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More than a century after his death, Tesla’s wireless power discovery is a rarely credited to him. Thomas Edison is more commonly associated with the invention of electricity; however, his experiments were failures. In fact, Tesla’s alternating AC currents proved to be the more reliable method of conducting electricity.
Contrary to the theory metal to metal contact was required to conduct electricity, Tesla was successful in transmitting currents through plastic over short distances using magnetic induction. The Tesla Laboratory at Wardenclyffe was his final experiment site, featuring a 185-foot tower with metal bars extending below ground. Today, the image that comes to mind features electrical bolts extending from the top of the tower, where the coils exchange electrical currents.
In the late 19th century, Tesla’s work on the tower explored electrical transmission using radio frequency resonance to create electrical energy through two coils to generate high voltage, high frequency currents. His experiments used near-field inductive and capacitive couplings. Near-field inductive is a short-range wireless physical layer that transmits a low power, non-propagating magnetic field between devices. Capacitive couplings transmit power between two networks by displacing currents produced by the electrical fields.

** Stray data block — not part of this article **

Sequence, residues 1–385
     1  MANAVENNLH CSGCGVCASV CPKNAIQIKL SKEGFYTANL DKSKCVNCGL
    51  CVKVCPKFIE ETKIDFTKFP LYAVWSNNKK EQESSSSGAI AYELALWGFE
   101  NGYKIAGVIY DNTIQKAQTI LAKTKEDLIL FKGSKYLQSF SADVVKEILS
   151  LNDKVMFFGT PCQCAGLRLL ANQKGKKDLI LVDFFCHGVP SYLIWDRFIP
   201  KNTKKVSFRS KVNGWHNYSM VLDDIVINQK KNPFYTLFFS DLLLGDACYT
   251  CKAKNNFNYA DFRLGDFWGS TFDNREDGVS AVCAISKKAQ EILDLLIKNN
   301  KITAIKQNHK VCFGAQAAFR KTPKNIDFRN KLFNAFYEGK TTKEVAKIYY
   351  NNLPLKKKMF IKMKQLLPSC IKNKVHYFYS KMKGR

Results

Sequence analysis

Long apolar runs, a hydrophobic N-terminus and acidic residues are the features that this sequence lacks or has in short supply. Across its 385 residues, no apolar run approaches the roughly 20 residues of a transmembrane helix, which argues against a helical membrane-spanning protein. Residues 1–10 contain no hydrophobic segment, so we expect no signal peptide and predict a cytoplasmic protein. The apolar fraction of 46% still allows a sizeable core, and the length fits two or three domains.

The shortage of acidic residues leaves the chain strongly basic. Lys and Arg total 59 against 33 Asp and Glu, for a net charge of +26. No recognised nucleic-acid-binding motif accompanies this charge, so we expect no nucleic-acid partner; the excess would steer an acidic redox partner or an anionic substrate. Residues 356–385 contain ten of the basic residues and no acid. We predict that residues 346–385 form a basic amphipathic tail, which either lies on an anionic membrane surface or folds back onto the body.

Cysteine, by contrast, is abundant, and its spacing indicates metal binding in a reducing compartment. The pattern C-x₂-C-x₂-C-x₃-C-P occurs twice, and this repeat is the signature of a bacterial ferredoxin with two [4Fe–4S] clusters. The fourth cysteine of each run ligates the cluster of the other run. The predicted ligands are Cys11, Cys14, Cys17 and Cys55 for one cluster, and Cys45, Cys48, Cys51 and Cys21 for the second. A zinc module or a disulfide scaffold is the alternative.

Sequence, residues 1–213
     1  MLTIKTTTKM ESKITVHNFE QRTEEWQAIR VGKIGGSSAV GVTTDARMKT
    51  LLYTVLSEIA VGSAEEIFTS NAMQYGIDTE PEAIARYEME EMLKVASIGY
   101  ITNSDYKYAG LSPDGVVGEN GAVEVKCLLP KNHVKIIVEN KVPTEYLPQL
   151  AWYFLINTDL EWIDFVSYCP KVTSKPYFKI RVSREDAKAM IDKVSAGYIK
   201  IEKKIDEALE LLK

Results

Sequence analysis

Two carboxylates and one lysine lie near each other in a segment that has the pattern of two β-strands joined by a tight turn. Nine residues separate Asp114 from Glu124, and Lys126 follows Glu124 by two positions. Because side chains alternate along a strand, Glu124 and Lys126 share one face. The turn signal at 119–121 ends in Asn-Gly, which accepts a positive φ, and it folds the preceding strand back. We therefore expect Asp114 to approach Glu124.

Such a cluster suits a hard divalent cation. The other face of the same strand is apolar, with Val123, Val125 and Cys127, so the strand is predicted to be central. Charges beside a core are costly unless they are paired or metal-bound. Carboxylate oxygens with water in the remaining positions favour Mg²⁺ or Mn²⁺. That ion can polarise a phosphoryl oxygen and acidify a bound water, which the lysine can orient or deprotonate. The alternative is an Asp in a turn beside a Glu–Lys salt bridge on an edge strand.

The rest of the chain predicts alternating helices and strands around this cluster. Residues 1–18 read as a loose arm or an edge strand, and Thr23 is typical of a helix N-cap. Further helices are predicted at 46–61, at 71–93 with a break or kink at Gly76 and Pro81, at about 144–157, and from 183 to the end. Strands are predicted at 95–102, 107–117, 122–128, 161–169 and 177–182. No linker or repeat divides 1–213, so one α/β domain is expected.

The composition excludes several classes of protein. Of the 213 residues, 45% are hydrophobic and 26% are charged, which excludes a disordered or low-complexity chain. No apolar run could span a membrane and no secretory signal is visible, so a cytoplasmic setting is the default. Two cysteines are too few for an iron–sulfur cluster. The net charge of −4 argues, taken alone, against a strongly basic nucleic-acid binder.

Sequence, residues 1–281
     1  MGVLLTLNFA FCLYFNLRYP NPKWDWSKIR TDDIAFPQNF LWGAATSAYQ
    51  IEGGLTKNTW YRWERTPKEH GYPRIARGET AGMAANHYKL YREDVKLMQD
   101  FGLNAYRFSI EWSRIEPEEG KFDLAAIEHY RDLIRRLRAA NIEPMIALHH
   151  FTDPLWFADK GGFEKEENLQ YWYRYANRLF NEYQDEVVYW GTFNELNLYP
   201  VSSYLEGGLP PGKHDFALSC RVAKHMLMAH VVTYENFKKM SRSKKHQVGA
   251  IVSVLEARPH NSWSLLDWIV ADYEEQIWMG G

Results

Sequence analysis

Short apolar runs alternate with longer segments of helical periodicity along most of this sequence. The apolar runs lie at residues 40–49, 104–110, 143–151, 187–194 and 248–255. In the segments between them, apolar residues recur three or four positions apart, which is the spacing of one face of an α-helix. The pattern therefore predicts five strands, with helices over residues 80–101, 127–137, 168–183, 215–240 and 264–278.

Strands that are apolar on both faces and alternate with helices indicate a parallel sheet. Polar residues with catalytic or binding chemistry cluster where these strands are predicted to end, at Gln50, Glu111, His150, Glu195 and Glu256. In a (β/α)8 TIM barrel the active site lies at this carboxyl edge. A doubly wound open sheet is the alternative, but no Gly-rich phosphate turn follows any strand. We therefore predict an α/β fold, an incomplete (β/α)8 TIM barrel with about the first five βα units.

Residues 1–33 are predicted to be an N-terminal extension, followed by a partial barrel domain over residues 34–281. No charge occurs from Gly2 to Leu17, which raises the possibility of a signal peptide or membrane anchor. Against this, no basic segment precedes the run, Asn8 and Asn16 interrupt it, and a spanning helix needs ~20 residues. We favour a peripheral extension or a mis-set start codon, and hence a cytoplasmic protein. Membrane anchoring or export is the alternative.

Tesla performed demonstrations in front of crowds showing how incandescent bulbs could be lit wireless when in proximity of the coil. As his research progressed, he tested long distance transmission using LC circuits.
Tesla furthered his studies to develop a long-distance transmission method at a high-altitude location in Colorado Springs. His theory was that low-pressure air present at 30,000 feet would allow electrical transmission to travel much longer distances. He speculated he could use the entire planet to conduct electricity by sending alternating current pulses into the ground. Our history books to date do not reflect he had any success in proving this theory.
He did, however, accurately predict the success of the internet and cellular phones both operating by long distance, wireless transmissions. He believed wireless transmission could solve a myriad of global issues by providing a means of instant communication, “a great step will be made toward the unification and harmonious existence of the various races inhabiting the globe.”
Tesla’s coil still shows up in some of our television and radio designs but does not have many practical applications. However, his resonant inductive coupling method is applied to our short-range wireless systems.
On the cusp of providing free energy to all, Tesla’s research was squelched by high power individuals who did not want energy to become a free commodity. Tesla was denied funding by bankers and his theory about worldwide transmission has been denounced; however, his research was of such significance that it was confiscated by the FBI upon his death.
Tesla’s wireless power research still holds potential for future innovations as our technology evolves to accommodate new AI technology.